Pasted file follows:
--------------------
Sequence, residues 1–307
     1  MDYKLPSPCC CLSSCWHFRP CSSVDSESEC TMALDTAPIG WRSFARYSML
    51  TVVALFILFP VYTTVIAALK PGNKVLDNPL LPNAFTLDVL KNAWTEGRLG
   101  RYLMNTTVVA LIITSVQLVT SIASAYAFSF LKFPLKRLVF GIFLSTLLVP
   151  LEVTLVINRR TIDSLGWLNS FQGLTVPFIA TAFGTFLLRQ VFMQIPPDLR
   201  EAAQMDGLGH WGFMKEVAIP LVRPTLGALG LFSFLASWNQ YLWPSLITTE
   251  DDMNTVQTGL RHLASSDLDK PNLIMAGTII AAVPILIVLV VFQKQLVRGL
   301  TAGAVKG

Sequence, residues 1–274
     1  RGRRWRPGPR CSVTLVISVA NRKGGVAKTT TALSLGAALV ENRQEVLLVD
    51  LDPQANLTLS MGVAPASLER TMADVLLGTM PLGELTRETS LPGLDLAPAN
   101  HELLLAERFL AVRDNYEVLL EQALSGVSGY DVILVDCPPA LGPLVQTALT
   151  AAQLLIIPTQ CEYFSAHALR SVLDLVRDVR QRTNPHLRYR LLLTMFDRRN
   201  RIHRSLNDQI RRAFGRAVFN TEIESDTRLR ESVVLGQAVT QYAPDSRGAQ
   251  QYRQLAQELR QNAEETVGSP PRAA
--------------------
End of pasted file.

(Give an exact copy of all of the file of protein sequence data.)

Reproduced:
Sequence, residues 1–307
     1  MDYKLPSPCC CLSSCWHFRP CSSVDSESEC TMALDTAPIG WRSFARYSML
    51  TVVALFILFP VYTTVIAALK PGNKVLDNPL LPNAFTLDVL KNAWTEGRLG
   101  RYLMNTTVVA LIITSVQLVT SIASAYAFSF LKFPLKRLVF GIFLSTLLVP
   151  LEVTLVINRR TIDSLGWLNS FQGLTVPFIA TAFGTFLLRQ VFMQIPPDLR
   201  EAAQMDGLGH WGFMKEVAIP LVRPTLGALG LFSFLASWNQ YLWPSLITTE
   251  DDMNTVQTGL RHLASSDLDK PNLIMAGTII AAVPILIVLV VFQKQLVRGL
   301  TAGAVKG

Sequence, residues 1–274
     1  RGRRWRPGPR CSVTLVISVA NRKGGVAKTT TALSLGAALV ENRQEVLLVD
    51  LDPQANLTLS MGVAPASLER TMADVLLGTM PLGELTRETS LPGLDLAPAN
   101  HELLLAERFL AVRDNYEVLL EQALSGVSGY DVILVDCPPA LGPLVQTALT
   151  AAQLLIIPTQ CEYFSAHALR SVLDLVRDVR QRTNPHLRYR LLLTMFDRRN
   201  RIHRSLNDQI RRAFGRAVFN TEIESDTRLR ESVVLGQAVT QYAPDSRGAQ
   251  QYRQLAQELR QNAEETVGSP PRAA